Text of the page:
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Take the Question Off the Table: How the Ban on Salary History Inquiries Works in Your Company’s Fav

Many jurisdictions across the country, including New York City, Westchester County, Albany, Philadelphia, California, Delaware, Massachusetts, New Orleans, Oregon, Pittsburgh, Puerto Rico, and San Francisco, have enacted legislation with the aim of closing the pay gap between men and women.  These laws generally prohibit employers from asking job candidates about their salary history either in writing or at an interview.  The rationale for the bans is to prevent the perpetuation of a pay gap or wage discrimination based on a prior employer’s possibly nefarious motives.

Many employers view these laws as an impediment to the hiring process.  However, there is an upside to eliminating salary history inquiries altogether.  Taking the question off the table will not only improve company culture, but it will yield better qualified and more talented new hires.  These laws are forcing companies and hiring managers to improve their screening and hiring processes.  Regardless of jurisdiction, here is why your company should eliminate the question about salary history and how you can use the salary history ban to your advantage.

Salary history is not only an unnecessary factor when deciding to hire new employees, but the question actually prevents companies from considering individuals with different experiences or sets of skills.  In this ever-growing competitive market, companies cannot survive if their employees all fit the same cookie-cutter mold.  Smart employers know that if a candidate demonstrates they are motivated, can learn quickly, and can do the work, they likely possess the competencies, skill-set and education required for the position.  Your company will surely miss out on hiring diverse, top-tier talent, non-traditional candidates, military vets, and high-potential candidates who learn quickly by filtering based on salary history.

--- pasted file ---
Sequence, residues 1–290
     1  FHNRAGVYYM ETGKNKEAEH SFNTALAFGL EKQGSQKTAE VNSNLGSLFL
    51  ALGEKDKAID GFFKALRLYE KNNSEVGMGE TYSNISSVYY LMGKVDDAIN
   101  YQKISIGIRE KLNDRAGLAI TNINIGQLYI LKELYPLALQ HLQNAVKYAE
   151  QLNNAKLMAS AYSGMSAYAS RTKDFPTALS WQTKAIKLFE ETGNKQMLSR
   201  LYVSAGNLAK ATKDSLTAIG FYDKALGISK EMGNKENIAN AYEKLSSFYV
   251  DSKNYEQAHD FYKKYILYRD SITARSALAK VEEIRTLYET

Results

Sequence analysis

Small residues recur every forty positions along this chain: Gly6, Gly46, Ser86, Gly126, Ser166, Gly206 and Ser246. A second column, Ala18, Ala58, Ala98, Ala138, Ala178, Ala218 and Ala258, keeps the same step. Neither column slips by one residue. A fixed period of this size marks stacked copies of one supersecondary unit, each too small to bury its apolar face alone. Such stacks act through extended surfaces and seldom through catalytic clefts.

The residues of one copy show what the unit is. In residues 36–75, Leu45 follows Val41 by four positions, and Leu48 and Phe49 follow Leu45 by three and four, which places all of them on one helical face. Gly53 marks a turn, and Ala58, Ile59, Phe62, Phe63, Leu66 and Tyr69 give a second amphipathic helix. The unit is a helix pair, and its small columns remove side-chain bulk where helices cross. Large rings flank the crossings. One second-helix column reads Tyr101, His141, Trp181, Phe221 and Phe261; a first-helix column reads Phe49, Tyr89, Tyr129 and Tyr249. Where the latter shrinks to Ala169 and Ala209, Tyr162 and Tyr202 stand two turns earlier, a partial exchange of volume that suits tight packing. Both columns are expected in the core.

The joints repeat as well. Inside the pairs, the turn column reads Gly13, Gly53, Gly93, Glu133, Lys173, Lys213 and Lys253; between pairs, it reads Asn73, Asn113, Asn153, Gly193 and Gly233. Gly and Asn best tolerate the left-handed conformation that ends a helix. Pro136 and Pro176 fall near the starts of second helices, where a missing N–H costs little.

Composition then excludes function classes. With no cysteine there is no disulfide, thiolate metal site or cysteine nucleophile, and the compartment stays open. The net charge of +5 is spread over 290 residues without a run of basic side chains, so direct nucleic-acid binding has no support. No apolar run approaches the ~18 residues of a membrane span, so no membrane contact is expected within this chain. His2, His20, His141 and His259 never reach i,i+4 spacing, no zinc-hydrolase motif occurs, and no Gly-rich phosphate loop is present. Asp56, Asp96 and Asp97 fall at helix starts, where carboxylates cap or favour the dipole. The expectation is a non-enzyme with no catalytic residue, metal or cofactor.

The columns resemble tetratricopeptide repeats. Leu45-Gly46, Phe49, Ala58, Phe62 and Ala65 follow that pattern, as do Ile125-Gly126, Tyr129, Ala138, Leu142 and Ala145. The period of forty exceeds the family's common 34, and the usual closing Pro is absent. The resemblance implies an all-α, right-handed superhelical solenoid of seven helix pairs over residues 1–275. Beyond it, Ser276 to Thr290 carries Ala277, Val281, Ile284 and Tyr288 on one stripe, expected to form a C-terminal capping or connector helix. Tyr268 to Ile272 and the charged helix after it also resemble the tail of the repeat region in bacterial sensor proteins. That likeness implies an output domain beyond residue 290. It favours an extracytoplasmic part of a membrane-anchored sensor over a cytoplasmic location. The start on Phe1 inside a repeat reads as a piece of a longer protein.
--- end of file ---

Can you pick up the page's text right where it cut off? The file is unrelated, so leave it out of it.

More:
What most employers fail to understand is the link between company culture and the ban on salary history.  The culture of your company is a most sacred thing and is comprised of the collection of accepted behaviors from which the success of your business grows.  Your company should always strive to align its culture with its recruiting practices.  The salary history question is a rote, automatic question asked during interviews and candidates almost never blinked at when asked the question.  However, there has been a shift in mindset of job candidates when thinking about sharing salary history with potential employers.  Many job candidates perceive their current pay as a private matter that is not up for discussion when being interviewed.  Even if your company is not located within a jurisdiction subject to a salary history ban, candidates may view your company’s culture in a negative light if asked about salary history.

As millennials increasingly populate the workforce, employers are also realizing they must adapt and forego hiring norms in order to impress millennials and to find the most qualified talent.  From the moment candidates apply to a job posting on LinkedIn or answer your recruiter’s call, they begin to experience your company’s culture.  Throughout the entire interview process, potential new hires are assessing your culture to see if their values correspond with the values of your company.  Many candidates, especially millennials, will view an inquiry about salary history as insensitive, invasive, and irrelevant.

Employers need not fear that eliminating the salary history question will leave hiring managers at a disadvantage when trying to figure out the appropriate salary to include in a job offer.  However, it will require some effort on the employer’s part to embrace the ban on salary history.  Companies should conduct both internal audits and external market research to determine the range of salary that is suitable for the job position.  Despite the additional time it will take, employers can position themselves for increased employee engagement, retention, and profitability by developing a system to establish salaries based on the external market research, the company’s internal logic, and where job performance is rewarded fairly.  During the interview process, hiring managers will get a sense of the candidates’ skills to deduce the proper salary to be included in the job offer.  However, there should be a preset salary range in place for the position.

In light of these new last, and best practices, hiring managers can navigate around the salary history question by stating the salary range outright during the interview and asking if the candidate is still interested in continuing the interview process.  In addition, an employer can still inquire as to the applicant’s desired salary without seeking prior salary information.


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